Polly and Dolly Barnard


“No small dabs of colour – you want plenty of paint to paint with”. Sargent.

When I was a student, thirty years ago, I lived in Camberwell, a walkable walk from the Tate (now Tate Britain). I walked this walk pretty much every weekend. There were a handful of works I would always scrutinise. This square was cut from an image of one of them. Carnation, Lily, Lily, Rose by John Singer-Sargent, 1885-86. Seen in the flesh, it is one of the most exquisite paintings I have ever seen. I had subconsciously thought the title of the work referred to the girls’ names. I scrutinised the brushstrokes, not the commas. Having not seen the painting for a number of years, I saw it again recently-ish, as part of the Sargent exhibition at the National Portrait Gallery. It was there that it dawned on me, the title could not be the girls’ names. My irrational dislike of artists who do not name their sitters reared its ugly head.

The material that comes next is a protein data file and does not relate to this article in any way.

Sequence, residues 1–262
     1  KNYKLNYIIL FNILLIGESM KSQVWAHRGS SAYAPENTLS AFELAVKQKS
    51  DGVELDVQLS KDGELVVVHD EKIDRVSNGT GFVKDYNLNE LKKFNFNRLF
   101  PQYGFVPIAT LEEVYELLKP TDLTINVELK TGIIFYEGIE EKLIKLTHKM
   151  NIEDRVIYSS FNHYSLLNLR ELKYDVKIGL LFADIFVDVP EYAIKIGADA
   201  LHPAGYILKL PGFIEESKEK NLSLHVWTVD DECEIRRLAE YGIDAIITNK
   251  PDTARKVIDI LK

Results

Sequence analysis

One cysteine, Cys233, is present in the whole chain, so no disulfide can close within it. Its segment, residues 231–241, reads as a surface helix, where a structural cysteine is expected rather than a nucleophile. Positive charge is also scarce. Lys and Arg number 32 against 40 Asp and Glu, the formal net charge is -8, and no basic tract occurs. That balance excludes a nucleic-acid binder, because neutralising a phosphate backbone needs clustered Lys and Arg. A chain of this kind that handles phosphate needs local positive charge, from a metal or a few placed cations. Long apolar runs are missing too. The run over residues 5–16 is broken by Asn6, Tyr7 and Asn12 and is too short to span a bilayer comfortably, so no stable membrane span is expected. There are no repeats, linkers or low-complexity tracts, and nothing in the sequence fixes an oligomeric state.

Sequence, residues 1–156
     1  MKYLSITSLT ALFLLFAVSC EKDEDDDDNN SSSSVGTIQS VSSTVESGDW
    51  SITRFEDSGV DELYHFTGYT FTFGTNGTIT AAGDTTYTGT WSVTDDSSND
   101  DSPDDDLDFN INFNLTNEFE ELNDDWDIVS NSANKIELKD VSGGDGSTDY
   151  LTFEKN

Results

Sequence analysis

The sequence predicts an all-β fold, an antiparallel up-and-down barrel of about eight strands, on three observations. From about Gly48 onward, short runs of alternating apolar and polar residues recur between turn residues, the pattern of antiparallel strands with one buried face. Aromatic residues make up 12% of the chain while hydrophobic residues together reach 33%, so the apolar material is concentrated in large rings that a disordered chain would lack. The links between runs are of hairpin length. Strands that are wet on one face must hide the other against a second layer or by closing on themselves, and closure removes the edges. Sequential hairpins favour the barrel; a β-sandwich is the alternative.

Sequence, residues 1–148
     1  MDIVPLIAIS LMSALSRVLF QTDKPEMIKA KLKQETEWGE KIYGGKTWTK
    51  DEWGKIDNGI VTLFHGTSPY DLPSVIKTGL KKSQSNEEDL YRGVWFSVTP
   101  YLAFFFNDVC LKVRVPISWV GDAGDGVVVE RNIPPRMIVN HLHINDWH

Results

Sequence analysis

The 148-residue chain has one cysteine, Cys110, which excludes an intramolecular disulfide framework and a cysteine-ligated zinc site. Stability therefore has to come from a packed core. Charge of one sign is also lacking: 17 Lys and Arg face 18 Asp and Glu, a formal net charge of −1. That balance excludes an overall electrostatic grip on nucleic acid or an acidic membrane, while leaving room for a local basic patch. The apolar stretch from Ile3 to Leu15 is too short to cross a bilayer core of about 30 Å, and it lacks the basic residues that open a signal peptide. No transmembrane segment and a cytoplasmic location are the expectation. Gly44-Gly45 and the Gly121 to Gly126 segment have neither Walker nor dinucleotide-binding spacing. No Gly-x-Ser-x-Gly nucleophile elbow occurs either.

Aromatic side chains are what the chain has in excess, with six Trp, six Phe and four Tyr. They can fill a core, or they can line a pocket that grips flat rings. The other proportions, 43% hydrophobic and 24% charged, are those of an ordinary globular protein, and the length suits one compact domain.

Turns out the title is taken from a song by Joseph Mazzinghi, ‘The Wreath’. The girls are Polly (right) and Dolly Barnard, daughters of illustrator Frederick Barnard.

It was presented to the Tate by the Trustees of The Chantrey Bequest, 1887.

You can see my whole piece here.

The square was cut from ‘What’s On, March-May 2015’, NPG.


3 thoughts on “Polly and Dolly Barnard

  1. Pingback: London Pairs Patchwork | Alison Sye

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